At Mustang Powder our #1 priority is your safety. We have developed a comprehensive safety program and have put together a team of guides made up of some the top and most influential professionals in the avalanche industry. All of our guides are members of the Association of Canadian Mountain Guides (ACMG) as well as the Canadian Avalanche Association (CAA), and many have been guiding for 20 plus years (for guide bios, please click here). The most important factor in risk avoidance is planning and preparation and we have developed our safety program with this in mind. Mustang Powder is also a member of the HeliCat Canada, ensuring that we meet a comprehensive set of operating guidelines.
When staying at a backcountry lodge, there are a couple safety issues which you must also be aware of. All of these issues are covered during our first night’s speech. At the lodge we have a first aid room with all the necessary supplies, so if you do need anything during your trip, i.e. ice, tensor bandages, band-aids, mole skin for blisters or anything else, please let us know. We also have an automatic external defibrillator (AED) at the lodge and our entire staff is trained to use it.
Every morning our guides meet to discuss conditions of the snow and decide on which runs are suitable to ski that day. Along with all of their first hand observations, our guides also read though the CAA’s InfoEx. This is the information exchange between most cat-ski, heli-ski and resort based operations around British Columbia. It includes weather and avalanche observations as well as any significant information about the snow pack at over 50 locations around BC. The InfoEx allows our guides to get a feel for what is happening around the province, and when combined with a thorough examination of all of their own observations, they are able to predict the conditions and plan their day accordingly.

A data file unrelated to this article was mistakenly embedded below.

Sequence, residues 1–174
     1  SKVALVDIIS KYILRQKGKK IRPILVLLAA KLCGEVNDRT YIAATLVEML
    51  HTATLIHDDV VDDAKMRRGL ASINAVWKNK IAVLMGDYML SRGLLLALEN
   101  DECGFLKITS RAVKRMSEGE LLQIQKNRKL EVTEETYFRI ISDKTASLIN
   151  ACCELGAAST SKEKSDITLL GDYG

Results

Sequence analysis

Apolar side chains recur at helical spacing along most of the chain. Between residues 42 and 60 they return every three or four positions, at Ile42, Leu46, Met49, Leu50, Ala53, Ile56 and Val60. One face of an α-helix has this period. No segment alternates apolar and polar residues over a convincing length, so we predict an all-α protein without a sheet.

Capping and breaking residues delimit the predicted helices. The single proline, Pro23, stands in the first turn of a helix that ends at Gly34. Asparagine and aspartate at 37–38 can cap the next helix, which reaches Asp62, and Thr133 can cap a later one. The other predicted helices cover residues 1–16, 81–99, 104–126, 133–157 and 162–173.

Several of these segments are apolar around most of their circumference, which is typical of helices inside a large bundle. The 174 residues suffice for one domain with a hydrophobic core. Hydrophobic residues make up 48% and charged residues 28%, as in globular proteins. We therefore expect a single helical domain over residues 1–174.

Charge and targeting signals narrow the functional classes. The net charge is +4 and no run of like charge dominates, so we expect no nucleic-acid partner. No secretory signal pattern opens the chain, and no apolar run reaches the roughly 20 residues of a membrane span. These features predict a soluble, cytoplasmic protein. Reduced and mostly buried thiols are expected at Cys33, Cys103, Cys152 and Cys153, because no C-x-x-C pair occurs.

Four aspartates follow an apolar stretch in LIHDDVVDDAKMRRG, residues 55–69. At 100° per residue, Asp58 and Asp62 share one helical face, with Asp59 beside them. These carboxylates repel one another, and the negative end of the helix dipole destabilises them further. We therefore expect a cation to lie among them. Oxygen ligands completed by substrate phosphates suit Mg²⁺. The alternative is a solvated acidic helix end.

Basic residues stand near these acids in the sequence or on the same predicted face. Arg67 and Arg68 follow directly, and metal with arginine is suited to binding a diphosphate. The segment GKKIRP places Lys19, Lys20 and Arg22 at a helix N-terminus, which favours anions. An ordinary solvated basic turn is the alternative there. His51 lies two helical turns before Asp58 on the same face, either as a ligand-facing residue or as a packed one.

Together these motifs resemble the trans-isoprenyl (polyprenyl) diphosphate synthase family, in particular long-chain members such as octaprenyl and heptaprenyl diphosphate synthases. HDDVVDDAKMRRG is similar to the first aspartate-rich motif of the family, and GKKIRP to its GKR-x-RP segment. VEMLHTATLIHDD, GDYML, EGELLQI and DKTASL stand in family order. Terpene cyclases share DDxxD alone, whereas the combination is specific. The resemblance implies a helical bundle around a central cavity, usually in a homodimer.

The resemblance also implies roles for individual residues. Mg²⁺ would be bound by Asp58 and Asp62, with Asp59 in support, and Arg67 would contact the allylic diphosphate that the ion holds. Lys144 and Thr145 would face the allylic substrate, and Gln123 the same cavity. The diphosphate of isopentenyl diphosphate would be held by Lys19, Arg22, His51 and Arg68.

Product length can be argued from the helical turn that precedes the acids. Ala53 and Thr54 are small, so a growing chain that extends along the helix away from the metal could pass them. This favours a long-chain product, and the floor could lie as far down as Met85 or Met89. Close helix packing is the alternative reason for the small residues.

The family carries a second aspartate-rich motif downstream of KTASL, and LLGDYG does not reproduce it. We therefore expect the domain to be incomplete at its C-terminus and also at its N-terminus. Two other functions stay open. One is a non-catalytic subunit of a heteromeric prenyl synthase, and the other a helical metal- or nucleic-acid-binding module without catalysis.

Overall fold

Guest Safety Briefings
On the morning of the first day of your trip the guides will spend about 30 minutes with you talking about safety. They will cover all the important techniques for you to ensure your own safety along with some tips to help others out as well. After this safety talk we will head outside and the guides will spend about an hour doing transceiver training with you. This will be an opportunity to familiarize yourself with your transceiver and give you the confidence to use it. After the transceiver training there will be a cat safety talk to make you aware of all of the things you need to be conscious of when around the cats. Then it’s time to go skiing.
Guest Packs and Radios
Both cats at Mustang Powder are provided with 2 guest packs that are rotated throughout the guests during the ski day. Each of these packs includes 2 collapsible shovels, 2 avalanche probes and a small first aid kit. All of our guides and tail guides also carry a pack that includes a shovel, an avalanche probe, a larger first aid kit, as well as an extra layer. All of our guiding staff are required to have a radio with them at all times out in the field. These radios provide communication with the cats as well as the lodge from anywhere on our tenure. In the event of an emergency, our guides are able to radio the lodge, who would then call for back-up, allowing our guides to focus on the situation instead of being distracted dealing with arrangements.
Guides Training and Professional Development
Our guides continually update their first aid training and participate in avalanche rescue practice. During our staff training at the start of every season, we practice large scale avalanche rescue and emergency scenarios to ensure that we are fully ready for anything which may happen. We also have 2 beacon basins set up, each have multiple transceivers buried to allow our guides and staff to continually work on their transceiver skills. These training stations are dug up and re-buried at least every 2 weeks to change the position of the buried transceivers.
At Mustang Powder we also do some explosives control in certain locations. We use the explosives to artificially trigger instabilities in the snow pack in order make areas safe to ski.